Internal TSA emails from that same April 8 date, and obtained by Airport Security Report, indicate that both Stone and DHS Deputy Secretary Michael Jackson felt an immediate need to buck up the troops. "Anybody who begins to believe in the smallest way that TSA is not an integral, vital, and absolutely phenomenal part of this Department of Homeland Security ought to go take a hike because they do not know what they're talking about," Jackson wrote.

Stone's message to his headquarters staff said that "change is the sign of a healthy, innovative and creative organization," and it was "in that spirit of change" he gave Chertoff his resignation. (The Post story also said that President Bush asked Stone to leave.)

However the resignation came about, it now seems inevitable to most that the nation's airport screening checkpoints will again be privately managed.

Sullivan compared this scenario to the movie title, "Back to the Future." Congressional Republicans never much cared for expanding the federal bureaucracy by creating TSA, but the post-9/11 mood in Washington and across the nation forced their hand. Now, those same policymakers will be very content to let airport screening slide back under private management, Sullivan told Airport Security Report. At the same time, they are also insisting that things will be different this time.

Moreover, most observers believe that the great opportunity following 9/11 to improve airport security has been squandered. The once-promised model of an efficient, never-before-seen type of federal agency never materialized. Because much of FAA's staff moved over to TSA, the new agency also inherited most of the former's bureaucratic inefficiencies. Key posts were filled by people without any relevant expertise. And the agency seemed to place far less value on improved security than on keeping secrets and avoiding embarrassing any particular members of the federal workforce.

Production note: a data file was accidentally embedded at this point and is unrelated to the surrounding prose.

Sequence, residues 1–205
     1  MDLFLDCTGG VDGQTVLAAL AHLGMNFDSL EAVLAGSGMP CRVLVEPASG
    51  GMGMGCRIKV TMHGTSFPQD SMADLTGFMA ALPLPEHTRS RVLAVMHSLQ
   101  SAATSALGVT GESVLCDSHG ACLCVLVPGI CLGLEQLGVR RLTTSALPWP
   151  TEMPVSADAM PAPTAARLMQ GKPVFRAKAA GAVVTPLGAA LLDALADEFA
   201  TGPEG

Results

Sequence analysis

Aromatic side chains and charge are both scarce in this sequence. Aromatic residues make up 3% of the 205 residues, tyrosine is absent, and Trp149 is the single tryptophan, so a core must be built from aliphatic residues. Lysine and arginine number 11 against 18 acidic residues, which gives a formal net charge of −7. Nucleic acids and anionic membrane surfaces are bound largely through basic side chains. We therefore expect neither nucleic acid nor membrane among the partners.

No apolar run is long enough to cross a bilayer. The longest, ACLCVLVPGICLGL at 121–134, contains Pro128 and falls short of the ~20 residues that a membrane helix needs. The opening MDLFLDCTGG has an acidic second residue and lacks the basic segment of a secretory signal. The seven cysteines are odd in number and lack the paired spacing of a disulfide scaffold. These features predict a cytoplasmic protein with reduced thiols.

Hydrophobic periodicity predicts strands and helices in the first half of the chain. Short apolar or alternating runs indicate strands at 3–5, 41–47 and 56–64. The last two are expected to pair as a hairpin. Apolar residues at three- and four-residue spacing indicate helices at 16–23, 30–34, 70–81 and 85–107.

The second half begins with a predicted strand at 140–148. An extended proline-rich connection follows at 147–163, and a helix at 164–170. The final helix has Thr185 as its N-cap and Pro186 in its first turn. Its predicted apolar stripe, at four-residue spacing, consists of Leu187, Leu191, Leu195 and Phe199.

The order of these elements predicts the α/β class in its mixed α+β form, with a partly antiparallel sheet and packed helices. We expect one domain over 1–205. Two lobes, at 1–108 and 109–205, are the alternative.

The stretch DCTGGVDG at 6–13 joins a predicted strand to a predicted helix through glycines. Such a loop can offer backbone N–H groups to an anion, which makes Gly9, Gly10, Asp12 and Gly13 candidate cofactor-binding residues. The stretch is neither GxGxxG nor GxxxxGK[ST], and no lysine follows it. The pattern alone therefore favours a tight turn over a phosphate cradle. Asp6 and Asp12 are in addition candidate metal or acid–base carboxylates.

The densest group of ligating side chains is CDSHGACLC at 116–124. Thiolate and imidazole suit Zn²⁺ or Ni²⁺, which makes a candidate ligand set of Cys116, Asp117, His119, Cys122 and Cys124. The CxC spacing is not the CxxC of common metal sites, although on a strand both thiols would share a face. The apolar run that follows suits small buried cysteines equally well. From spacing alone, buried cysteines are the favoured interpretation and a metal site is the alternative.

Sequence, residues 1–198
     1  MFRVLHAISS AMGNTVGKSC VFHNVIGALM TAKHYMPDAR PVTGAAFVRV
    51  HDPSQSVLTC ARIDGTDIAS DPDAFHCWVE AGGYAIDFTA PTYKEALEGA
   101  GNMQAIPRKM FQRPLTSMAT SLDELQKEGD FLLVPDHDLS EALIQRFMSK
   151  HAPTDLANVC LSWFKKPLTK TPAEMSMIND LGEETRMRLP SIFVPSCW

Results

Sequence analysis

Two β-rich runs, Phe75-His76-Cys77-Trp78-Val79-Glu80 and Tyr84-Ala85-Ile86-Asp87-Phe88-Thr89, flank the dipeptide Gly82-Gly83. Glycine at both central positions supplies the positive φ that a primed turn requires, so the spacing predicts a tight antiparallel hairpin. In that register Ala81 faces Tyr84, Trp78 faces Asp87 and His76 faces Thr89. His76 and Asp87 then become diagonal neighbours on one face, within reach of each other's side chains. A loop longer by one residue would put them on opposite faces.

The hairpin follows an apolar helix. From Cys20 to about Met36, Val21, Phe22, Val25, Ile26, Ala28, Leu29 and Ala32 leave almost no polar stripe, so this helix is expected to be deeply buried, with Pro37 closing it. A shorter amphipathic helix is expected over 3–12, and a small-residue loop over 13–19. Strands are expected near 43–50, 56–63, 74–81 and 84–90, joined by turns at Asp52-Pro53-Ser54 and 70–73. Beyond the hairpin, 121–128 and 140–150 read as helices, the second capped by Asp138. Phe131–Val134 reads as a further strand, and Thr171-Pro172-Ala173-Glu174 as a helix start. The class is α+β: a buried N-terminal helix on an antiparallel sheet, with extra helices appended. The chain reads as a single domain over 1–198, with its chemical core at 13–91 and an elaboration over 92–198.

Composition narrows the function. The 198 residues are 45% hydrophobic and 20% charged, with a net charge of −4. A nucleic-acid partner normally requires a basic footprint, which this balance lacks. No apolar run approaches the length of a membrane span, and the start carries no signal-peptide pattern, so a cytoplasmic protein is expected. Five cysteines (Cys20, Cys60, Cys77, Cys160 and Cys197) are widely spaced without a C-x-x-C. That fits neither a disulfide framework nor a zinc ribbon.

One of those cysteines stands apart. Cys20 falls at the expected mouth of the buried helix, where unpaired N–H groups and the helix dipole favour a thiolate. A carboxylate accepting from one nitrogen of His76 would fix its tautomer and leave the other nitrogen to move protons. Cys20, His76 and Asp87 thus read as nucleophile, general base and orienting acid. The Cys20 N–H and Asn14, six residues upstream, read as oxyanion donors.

But part of the fault for this "missed opportunity" lies with the public, Sullivan said. The more time that has passed since 9/11, the less significance that airport security has for air travelers, whose collective attention span "is like a child's." Not only have air travelers become immune to the issue of airport security, but they seem increasingly irritated with hearing about it. Convenience, once again, is the paramount issue.

Slepian told Airport Security Report that all the major players in Washington -- Republicans, Democrats and the White House -- knew all along that TSA's heyday would be short. That explains why, through all of agency's blunders over the last three years, Congress did nothing and the White House said nothing.

Regardless of TSA's exact fate, most observers also feel that federal funding for airport security is likely to decrease. With the amount of waste, along with the lack of accountability, and the growing consensus that airport security across the country has gotten no better, more money is likely to start getting funneled to other modes of transportation, Sullivan said.

Another point to consider is that most of the capital spending for airport security from Washington has already been committed, Slepian explained. There are not a lot of recurrent expenditures.